I had a customer from Texas call the other day and asked for a reclaimed wood conference room table with a nautical theme.  I chuckle a bit and ask him, “were you talking with my customer down in Florida?” He replies, “No, should have I?” In nearly 15 years, we’ve never had a call for a nautical themed table, well, except for a customer who called about 6 months earlier. He was looking for something he called a Shipwreck table — something that was rough and craggy — reminiscent of a shipwreck. I thought long and hard about what a might constitute a shipwreck table. We settled on an idea of a table with ironwork that was reminiscent of pirates treasure chest. My new customer described the mural on his wall of a pirate ship at dock in front of the setting sun. The table couldn’t be a better fit.

After a quite a bit of work, I think we nailed it. The tabletop is nearly three inches thick and made from old, original hand-hewn barn timbers. They have the rough ax marks from a barn that was built in the 1800s. The wood is white oak and heavy. Yes, heavy. The top alone weighs about 600lbs. When we flipped this periodically to work both sides, we usually had 4 people working the flip. (This is kind of tough for just my wife and me. When we had friends in the shop, they became workers for 5 minutes).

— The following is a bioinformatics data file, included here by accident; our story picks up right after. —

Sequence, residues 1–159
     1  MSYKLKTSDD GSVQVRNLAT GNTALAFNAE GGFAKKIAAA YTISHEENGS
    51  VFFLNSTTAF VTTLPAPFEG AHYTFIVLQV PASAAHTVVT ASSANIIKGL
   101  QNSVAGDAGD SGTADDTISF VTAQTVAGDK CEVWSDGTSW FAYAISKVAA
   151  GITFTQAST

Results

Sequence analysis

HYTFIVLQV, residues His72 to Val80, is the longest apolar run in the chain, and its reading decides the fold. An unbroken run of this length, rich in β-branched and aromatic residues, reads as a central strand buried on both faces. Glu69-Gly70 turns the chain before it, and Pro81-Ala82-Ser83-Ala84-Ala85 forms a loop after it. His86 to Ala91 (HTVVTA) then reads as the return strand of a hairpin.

The table top has a metal grate seated in place. This functionally allows cords to come up easily through the table top, but it also adds a nice amount of interest on the surface of the table. We debated about trap doors and portholes, but this approach is similar to wood grates on a ship and keeps the top more or less flat.

The ironwork was crafted by Wyatt Bienfang at WLB Blacksmith Shop. In a coal-fired, industrial sized forge, he heated up the metal for working. All of the shaping is done on a with real hammer and anvil (no cheating with a trip hammer). The uprights are essentially boxes or cages. All of the rivets are exactly that — real rivets. Imagine that he had to handle this 150 pound, awkward sized box and individually place and hammer sixteen orange-hot rivets at nearly 1800 degrees Fahrenheit. His work really is a piece of artistry.

The conference room table is 5ft wide by 10feet long. To complement the table, we also have a matching credenza — complete with an old, handmade, antique lock.

The original shipwreck table sports much the same design, except on a smaller scale. It is roughly 41 inches wide x 87 inches long.